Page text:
LONDON – The G-8 recently asked the European Bank for Reconstruction and Development, which was created to support the post-communist transitions to democracy and market economies in Central and Eastern Europe, to put its experience to use in Egypt. But which lessons from the Eastern European transition experience are relevant for countries in North Africa and the Middle East?
An important difference is that, unlike Eastern Europe in 1989, the countries of the “Arab Spring” do not have centrally planned economies. While the state is involved in much economic activity and property rights are frequently contested, private property is nevertheless firmly established. Subsidies are common, but prices are not fixed. There may be impediments to international trade, but nothing like in Eastern Europe, which largely traded with itself in distorted and artificial ways.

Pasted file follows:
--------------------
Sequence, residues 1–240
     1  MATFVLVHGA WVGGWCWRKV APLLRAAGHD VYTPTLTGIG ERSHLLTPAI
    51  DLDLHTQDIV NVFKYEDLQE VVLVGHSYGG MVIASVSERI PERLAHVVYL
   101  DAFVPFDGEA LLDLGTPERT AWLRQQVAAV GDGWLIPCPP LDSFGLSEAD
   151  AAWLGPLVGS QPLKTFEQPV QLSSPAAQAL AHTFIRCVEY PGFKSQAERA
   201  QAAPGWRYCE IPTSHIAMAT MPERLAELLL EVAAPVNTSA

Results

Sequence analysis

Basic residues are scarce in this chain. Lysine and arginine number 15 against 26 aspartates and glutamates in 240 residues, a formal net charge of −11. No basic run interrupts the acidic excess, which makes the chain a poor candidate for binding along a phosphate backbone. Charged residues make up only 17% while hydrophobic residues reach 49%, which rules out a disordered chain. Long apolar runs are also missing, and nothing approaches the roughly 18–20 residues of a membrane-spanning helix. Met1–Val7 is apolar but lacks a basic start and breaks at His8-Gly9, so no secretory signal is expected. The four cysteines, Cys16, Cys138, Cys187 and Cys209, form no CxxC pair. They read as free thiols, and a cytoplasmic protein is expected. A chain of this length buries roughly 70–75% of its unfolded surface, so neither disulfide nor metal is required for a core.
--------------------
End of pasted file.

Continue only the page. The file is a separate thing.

So it is in the countries of the Eastern Europe of today – and the two decades of reform experiences that have brought them to where they are – that we should seek parallels with North Africa.
Despite the financial crisis, political and economic progress in Central Europe and the Baltic countries has been remarkable. On the other hand, most countries in the former Soviet Union are like much of North Africa and the Middle East – “stuck in transit.” Some, like Belarus and Uzbekistan, have not even started reforms in earnest.